GGYA participants bag free Ocean Club golf lesson

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On Saturday, June 25, Atlantis hosted a golf clinic for 70 participants in the Governor General’s Youth Award as a part of its weekend of activities which culminated in the 20th Annual Duke of Edinburgh Cup Bahamas Semifinals Charity Golf Tournament at Ocean Club Golf Course on Paradise Island. Pictured here are participants with Atlantis officials. Photo courtesy of Bahamas Visual Services/Atlantis

When Makelia Moxey arrived at Ocean Club Gulf Course for the start of a golf clinic hosted by Atlantis, little could she imagine leaving with a new iPhone 13 courtesy of Aliv

“I was shocked. I was very proud of myself. I tend to have good luck by the Lord, but this is the best prize I’ve ever won,” said the 16-year-old student of C.C. Sweeting Senior High. 

The rising twelfth grader was one of 70 participants in the Governor General Youth Award (GGYA) who flocked to the 18-hole par 72 championship course, stretching over 7,100 yards on Paradise Island to take full advantage of the free lesson provided Saturday [June 25] by Class A golf professional, Mike Simms, Ocean Club’s director of instruction

The experience was part of a weekend of activities affiliated with the 20th Annual Duke of Edinburgh Cup Bahamas Semifinals Charity Golf Tournament. It was held this past Sunday under the patronage of Governor General Sir Cornelius A. Smith, and Lady Clara Smith in conjunction with Atlantis, Paradise Island. 

Proceeds raised from the event go to fund GGYA, the name by which the Duke of Edinburgh International Award is known in The Bahamas. Hundreds of registered participants work through 38 units on seven islands with over 100 volunteers helping to power the programme open to persons 14-24 years old. Each participant in the Award learns a skill, must improve their physical fitness, volunteer in their community and experience a team adventure in an unfamiliar environment.  

Saturday’s golf clinic came about as Atlantis sought to do something different to mark the momentous anniversary of GGYA’s biggest fundraising initiative. 

“We wanted to introduce an element that brings students into the tournament itself and provide them with exposure to golf that they would not have necessarily had previously,” said Viana Gardiner, vice president of public affairs and special projects at Atlantis. 

“We also thought participants could use the time in fulfillment of their physical activity component of their programme. Plus, there was the opportunity to engage with golf professionals and Atlantis executives. All of it is to benefit their personal development. As many positive seeds as we are able to plant in them that’s what we want to do.” 

Young people took in the session – along with the amazing greens, spectacular views and immaculate fairways. Golf pro Simms maximized the tee time with an overview of the basics: ball position, alignment and how to finish the golf swing.  

Still, it’s only so much one could teach in a single lesson.  

“To learn a golf swing it takes time and you should never rush it. You should aways get professional help when you first start. It’s really essential if you want to play well,” he advised.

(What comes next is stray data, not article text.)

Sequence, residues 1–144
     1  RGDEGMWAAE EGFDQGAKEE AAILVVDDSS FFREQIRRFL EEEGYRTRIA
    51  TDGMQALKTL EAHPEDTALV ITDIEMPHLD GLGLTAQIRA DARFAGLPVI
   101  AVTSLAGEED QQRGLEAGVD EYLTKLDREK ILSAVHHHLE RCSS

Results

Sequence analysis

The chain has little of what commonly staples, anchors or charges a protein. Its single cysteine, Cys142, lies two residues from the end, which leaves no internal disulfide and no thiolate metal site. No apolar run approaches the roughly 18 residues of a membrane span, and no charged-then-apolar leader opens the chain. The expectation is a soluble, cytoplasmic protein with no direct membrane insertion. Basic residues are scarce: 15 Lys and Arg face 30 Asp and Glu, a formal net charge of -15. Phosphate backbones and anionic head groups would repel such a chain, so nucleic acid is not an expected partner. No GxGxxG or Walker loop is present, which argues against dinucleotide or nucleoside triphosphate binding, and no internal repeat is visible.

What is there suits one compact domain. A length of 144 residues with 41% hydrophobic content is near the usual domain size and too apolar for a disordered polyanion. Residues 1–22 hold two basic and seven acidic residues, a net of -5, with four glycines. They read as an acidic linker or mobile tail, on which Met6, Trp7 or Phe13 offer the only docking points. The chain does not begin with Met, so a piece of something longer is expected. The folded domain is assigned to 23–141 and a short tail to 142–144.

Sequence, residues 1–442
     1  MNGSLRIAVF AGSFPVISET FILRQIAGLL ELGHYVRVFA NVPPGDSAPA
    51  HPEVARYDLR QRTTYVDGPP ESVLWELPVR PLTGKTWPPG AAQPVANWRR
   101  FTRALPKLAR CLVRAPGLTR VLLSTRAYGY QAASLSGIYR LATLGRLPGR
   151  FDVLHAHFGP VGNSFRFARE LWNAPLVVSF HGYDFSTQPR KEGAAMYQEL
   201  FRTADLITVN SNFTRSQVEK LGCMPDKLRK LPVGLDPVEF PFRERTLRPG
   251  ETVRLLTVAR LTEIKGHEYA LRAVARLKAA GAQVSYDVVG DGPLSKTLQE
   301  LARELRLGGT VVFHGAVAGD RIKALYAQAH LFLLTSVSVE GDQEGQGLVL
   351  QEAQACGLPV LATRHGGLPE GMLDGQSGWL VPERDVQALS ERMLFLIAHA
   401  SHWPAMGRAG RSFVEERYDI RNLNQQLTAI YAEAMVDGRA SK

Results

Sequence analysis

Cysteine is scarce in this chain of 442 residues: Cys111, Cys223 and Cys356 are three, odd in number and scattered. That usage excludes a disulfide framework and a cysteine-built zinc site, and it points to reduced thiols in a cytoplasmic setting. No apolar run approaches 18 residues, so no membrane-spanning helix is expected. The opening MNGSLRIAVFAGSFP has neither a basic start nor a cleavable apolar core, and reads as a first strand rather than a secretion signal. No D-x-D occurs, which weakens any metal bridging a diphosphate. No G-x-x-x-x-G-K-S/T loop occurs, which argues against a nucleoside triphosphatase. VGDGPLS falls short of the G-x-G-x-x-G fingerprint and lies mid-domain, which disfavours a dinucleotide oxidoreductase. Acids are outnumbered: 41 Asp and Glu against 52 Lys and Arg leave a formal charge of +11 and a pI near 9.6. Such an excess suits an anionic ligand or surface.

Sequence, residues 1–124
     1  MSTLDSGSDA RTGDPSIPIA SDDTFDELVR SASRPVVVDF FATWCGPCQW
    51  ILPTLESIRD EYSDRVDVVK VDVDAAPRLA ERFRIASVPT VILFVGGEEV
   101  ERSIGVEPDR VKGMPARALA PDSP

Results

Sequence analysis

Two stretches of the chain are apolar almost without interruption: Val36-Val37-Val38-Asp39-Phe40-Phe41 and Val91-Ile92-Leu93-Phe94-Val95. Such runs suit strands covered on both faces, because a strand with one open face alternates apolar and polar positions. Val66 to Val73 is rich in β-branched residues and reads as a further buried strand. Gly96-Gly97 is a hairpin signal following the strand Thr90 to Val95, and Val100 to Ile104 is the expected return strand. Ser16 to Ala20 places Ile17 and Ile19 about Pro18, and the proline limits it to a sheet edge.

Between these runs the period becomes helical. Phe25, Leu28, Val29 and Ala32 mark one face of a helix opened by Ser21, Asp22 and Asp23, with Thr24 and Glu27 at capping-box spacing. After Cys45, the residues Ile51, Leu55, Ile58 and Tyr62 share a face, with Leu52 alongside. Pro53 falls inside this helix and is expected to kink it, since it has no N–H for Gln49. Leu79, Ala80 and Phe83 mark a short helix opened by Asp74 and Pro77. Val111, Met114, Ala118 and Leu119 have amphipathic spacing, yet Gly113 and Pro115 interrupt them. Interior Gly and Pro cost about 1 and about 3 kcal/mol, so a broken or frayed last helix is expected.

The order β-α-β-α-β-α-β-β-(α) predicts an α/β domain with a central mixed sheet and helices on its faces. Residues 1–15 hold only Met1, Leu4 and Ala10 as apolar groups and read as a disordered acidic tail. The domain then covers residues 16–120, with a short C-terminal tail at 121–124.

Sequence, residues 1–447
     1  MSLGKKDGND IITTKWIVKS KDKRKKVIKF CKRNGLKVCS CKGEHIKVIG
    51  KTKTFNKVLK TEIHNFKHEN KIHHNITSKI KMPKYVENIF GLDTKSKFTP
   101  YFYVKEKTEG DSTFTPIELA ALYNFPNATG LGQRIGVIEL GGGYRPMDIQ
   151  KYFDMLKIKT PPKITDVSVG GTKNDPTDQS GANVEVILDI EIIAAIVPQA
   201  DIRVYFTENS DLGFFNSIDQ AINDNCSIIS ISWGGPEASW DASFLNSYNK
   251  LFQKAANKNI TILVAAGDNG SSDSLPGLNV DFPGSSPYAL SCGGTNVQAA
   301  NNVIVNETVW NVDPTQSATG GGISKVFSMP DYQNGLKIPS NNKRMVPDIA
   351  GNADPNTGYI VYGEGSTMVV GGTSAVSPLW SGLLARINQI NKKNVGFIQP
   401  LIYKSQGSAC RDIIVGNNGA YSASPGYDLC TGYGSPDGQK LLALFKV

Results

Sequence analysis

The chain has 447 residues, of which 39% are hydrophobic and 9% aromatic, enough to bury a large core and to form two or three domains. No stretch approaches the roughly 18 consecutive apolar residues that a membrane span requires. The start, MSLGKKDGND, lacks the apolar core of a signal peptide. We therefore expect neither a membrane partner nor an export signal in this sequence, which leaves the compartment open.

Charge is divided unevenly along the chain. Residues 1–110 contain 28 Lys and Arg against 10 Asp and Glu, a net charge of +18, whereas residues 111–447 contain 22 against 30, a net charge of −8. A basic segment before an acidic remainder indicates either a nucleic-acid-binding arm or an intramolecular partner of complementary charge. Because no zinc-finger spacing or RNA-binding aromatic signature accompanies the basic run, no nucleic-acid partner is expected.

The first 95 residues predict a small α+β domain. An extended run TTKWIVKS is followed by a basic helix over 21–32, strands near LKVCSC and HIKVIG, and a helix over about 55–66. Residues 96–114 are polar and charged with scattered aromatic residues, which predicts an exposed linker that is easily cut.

Simms kept it fun and for Moxey, parts of the lesson stuck. She didn’t score a hole-in-one, but she came the closest, which bagged her the first-place prize in the friendly but fierce competition capping off the golf clinic. 

“We have so many world class athletes that are Bahamian – in basketball, baseball. You never know where the next Tiger Woods could come from. It could be from The Bahamas, and it could have started right here at Ocean Club Gulf Course this morning,” said Gardiner. 

Second and third place winners, C.C. Sweeting’s Prishae Smith and Kingsway’s Raphelita Hanna received two passes each to Altantis’ popular water park, Aquaventure, which features thrilling slides and other attractions. 

GGYA participants Hallel Dixon and Ian Davis didn’t win prizes, yet it remained a rewarding experience for both. 

“This was something new for me. I was excited when I heard about it. I definitely wanted to come out,” said Dixon, a rising twelfth grader at Kingsway Academy. “After this, I think I might try golf out.” 

Davis, a 2022 graduate of St John’s, echoed a similar sentiment.  

“It was my first-time golfing. I thought it was amazing. It’s a fun and relaxing sport.” 

According to GGYA’S national director, Jacquetta Lightbourne-Maycock the Award is all about challenging youth to discover their potential and find their purpose, passion and place in the world. That comes through broadening their horizon. 

“Ninety-nine percent of them had never participated in golf prior to this experience. This was a first for them. This is one of our main goals, supporting non formal education which enhances young people as individuals. This golf clinic definitely challenged young people to discover something new.” 

Writer: Tosheena Robinson BSc, MSc

Golf clinic prize winners were Raphelita Hanna (third), Prishae Smith (second) and Makelia Moxey (first) pictured with Vaughn Roberts, senior vice president of government affairs and special projects at Atlantis. Moxey won a new iPhone 13 courtesy of Aliv, while Smith and Hanna each received two passes to Altantis’ Aquaventure water park. Photo courtesy of Bahamas Visual Services/Atlantis

On Saturday, June 25, Class A golf professional, Mike Simms, Ocean Club’s director of instruction taught GGYA participants some golf basics: ball position, alignment and how to finish the golf swing. Photo courtesy of Bahamas Visual Services/Atlantis